Thursday, October 9, 2008

Word of the Day

Indagate\IN-duh-gayt\v. 1: to search into, investigate

Example sentance: The defense attorneys requested an adjournment so that they could fully indagate the new evidence.

Did you know? A close examination of "indagate" reveals that it's a rather uncommon word. If we delve into the past, we discover that it first appeared in an English dictionary in 1623. Probing further, we see that its synonym "investigate" was already a hundred years old at the time. Despite the fact that our search turns up the derivatives "indagation," "indagator," "indagatory," and "indagative," we see that none of these words was ever used as widely as "investigation," "investigator," "investigatory," and investigative." If we hunt for the etymology of "indagate," we sniff out the Latin verb "indagare" ("to track"), which often referred, as did Latin "investigare," specifically to tracking done by hunting dogs.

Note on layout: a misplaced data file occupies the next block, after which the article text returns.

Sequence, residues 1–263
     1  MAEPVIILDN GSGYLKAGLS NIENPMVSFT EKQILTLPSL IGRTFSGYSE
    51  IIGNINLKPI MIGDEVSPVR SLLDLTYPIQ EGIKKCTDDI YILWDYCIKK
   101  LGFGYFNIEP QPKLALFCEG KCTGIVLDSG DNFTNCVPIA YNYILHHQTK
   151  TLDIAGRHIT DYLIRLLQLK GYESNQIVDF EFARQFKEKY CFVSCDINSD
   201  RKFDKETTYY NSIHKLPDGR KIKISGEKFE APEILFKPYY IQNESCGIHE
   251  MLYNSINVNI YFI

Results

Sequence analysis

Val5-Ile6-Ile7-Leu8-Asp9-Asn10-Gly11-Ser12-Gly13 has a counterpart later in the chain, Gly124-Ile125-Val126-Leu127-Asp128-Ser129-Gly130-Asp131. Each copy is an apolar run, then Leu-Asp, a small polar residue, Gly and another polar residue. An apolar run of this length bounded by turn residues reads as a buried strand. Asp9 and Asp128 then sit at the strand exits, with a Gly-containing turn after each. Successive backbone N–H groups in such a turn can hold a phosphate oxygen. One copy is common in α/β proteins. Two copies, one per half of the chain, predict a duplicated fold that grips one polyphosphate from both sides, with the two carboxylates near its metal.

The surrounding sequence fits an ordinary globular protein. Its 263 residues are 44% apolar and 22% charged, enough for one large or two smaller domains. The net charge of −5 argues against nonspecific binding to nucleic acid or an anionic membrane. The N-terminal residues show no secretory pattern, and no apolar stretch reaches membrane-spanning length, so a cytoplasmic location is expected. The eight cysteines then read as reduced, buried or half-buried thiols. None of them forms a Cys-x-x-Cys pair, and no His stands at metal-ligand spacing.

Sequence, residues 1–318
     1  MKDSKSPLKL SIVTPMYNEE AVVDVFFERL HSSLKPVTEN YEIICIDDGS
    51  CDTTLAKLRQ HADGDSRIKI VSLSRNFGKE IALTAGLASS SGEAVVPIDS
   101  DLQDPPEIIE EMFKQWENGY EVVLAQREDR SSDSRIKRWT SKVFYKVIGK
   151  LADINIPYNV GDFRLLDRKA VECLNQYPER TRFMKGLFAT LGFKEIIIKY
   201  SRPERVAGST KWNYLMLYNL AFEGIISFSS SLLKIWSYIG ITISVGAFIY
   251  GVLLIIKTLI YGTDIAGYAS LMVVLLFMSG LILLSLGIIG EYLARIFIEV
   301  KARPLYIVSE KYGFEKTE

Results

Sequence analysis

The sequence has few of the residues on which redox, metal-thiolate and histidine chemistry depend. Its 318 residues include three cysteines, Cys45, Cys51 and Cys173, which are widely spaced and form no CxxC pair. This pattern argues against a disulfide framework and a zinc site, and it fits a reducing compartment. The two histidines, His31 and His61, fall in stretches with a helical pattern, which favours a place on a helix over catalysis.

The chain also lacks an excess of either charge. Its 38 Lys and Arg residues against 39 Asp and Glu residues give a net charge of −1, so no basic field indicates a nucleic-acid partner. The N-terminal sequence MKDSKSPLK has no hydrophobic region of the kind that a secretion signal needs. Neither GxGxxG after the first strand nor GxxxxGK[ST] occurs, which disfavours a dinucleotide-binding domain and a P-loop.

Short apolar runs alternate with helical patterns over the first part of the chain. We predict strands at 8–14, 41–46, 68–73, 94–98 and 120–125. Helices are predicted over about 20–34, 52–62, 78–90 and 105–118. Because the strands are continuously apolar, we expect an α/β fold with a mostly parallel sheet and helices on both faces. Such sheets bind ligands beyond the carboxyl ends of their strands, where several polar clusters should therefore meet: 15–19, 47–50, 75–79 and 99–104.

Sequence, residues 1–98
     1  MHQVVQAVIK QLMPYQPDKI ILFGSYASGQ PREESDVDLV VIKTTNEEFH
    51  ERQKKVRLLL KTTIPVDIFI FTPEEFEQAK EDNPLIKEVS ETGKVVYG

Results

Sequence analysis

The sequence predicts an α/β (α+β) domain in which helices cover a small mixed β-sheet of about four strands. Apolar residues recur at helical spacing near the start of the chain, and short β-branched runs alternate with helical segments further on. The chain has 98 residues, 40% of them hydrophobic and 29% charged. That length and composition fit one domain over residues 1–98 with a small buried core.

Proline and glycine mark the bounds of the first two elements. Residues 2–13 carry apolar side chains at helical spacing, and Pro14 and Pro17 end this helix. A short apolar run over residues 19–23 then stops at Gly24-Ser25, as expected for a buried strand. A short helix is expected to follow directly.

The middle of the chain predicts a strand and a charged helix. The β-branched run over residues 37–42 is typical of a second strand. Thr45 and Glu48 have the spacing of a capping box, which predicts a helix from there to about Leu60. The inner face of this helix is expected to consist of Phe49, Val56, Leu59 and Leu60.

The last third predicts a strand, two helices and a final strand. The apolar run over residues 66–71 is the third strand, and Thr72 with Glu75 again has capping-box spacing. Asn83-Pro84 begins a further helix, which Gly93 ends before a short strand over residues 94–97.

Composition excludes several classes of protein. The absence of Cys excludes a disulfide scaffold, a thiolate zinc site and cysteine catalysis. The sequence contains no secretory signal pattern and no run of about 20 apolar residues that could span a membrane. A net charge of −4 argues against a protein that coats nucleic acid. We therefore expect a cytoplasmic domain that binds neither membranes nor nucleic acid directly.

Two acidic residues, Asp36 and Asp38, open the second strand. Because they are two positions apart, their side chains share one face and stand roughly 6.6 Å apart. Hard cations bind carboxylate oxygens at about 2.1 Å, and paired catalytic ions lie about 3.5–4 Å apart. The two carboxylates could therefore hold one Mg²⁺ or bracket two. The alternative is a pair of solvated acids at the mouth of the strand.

My use: I need to indagate my fridge to find the smell.

The kids have been quiet for a while. I need to iindagate.

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